Finding the safe place in the expert culture
Joe Banner, a so-called football expert, said the Eagles would win the Super Bowl. They lost their first game this season.
My cell multiplied the other day. It’s an exciting opportunity to be a part of something. My favorite part was that we had new folks join us even at our final meeting.
Mike’s getting geared up to lead. We’ve worked together for a little less than a year, and I think we’re ready to go. He’s a confident guy, filled with freedom in Christ, so he’s ready to take a swing. But not everyone is. Leading can be fairly intimidating and nerve-wracking, in fact.
It’s hard to think you can do it, right? Like you are qualified to do it. Hopefully one of the proverbs might help her along if she was having that problem: One doesn’t need to be smart or completely trained to be a fulfilled Christian.
It’s so easy to question yourself as a leader; to wonder about whether you are worth getting trained, whether you can actually help bring someone to Jesus, multiply your cell, disciple someone. These are big problems in our professional, expert-driven culture. We have to know exactly what to do and how. We have to know what non-paying visitors to our coffee shop can use the bathroom or which ones can’t. It’s a complicated world and, honestly, we are forced to navigate it by ourselves. The state doesn’t give us instruction, just laws. Corporations take advantage of our isolation. I think the Body of Christ is an antidote.
The cell leaders were wondering about this on Monday. The subject was about bringing “healing in conflict.” When you hear that, you might immediately consider your insecurities and your limitations and feel like you can’t do your part. It sounds rather grandiose. But, we follow a great God, a great Savior, and so our grand aspirations and goals might just fitting.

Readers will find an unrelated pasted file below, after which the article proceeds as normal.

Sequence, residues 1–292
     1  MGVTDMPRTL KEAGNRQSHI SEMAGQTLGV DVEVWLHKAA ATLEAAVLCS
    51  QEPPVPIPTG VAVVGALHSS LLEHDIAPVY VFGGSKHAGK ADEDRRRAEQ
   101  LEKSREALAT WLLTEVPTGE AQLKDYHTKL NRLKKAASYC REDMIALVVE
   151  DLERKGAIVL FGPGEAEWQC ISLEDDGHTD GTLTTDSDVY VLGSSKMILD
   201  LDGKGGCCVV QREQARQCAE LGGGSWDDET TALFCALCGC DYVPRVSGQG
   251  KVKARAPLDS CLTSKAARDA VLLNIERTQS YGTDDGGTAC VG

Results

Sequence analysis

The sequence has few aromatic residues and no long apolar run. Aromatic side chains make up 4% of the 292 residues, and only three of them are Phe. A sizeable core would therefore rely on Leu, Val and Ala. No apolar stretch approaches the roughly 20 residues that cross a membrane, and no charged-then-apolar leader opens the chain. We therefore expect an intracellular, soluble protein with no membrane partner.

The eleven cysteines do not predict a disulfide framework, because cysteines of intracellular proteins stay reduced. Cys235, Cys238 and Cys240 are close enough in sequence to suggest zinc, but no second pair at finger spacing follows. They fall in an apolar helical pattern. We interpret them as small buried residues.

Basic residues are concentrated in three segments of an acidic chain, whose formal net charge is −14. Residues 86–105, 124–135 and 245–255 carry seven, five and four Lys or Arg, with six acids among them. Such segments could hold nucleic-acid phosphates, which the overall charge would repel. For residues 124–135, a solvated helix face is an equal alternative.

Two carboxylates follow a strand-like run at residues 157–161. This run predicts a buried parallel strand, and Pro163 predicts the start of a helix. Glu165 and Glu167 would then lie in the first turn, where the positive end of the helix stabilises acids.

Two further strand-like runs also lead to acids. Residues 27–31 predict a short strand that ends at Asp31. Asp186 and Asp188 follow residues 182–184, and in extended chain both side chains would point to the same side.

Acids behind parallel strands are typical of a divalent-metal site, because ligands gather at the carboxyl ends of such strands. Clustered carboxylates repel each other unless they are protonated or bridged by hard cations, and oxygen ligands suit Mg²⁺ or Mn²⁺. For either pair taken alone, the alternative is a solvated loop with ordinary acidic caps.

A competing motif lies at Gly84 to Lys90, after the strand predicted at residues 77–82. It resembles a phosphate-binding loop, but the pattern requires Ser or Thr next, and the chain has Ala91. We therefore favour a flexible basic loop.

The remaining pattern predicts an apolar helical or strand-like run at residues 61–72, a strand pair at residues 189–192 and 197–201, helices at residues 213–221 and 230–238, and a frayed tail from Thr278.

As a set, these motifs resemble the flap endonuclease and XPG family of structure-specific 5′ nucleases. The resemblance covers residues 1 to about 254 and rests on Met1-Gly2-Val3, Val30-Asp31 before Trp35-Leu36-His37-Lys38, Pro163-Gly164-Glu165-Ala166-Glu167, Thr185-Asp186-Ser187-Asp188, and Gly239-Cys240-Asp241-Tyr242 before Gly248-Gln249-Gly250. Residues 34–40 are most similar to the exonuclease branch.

I think that’s an important place to start. How do you bring healing in the midst of conflict as a leader, as a Christian? Well, for now, you don’t have to be an expert to do your part. God has given you stuff, stuff that your pastor and Coordinator have discerned along with you, to be the pastor of your cell. That doesn’t mean you're perfect and I don’t think that it should inflate your ego particularly, but I think you can be a healing presence in your cell. For one, you don’t have to make it up as you go along. It isn’t just about what is within you and within your mind and experience, it’s about what we’ve agreed to.
I think including people in our mission is a great way for them to grow. Opportunities for service, participation, community, and prayer abound just in your cell. We are creating an environment where healing can happen because people have to relate. We’re on a great team and I think there’s power, and a lot of experience in that. More than that, you are a child of God, and he made you to be his loved one.
I can relate, though, even as I was preparing for the training on Monday, I wondered; “bring healing?” Do I even do that? How do I do that? I felt insecure. I was kind of embarrassed as I recalled five years ago this month. It’s when we planted North Broad. I was 24 years old. And I kept thinking what were they thinking? I suppose the big thing “they” were thinking is that I wouldn’t do it alone, based on my measly experience and limited education, and that I was doing it on a team, with others.
One of the most important things we can do as leaders, and cell leaders in particular, is create a space. I try to always emphasize at our cell’s meeting and our Sunday meetings that safety is our main goal. We want people to know that this is not a coercive place and that in the safety, we can be saved. You don’t have to be an expert to do that. But you do have to be intentional.
I think your faithfulness, availability, and teachability can be your best assets. Expertise? Well, that can come later, if ever.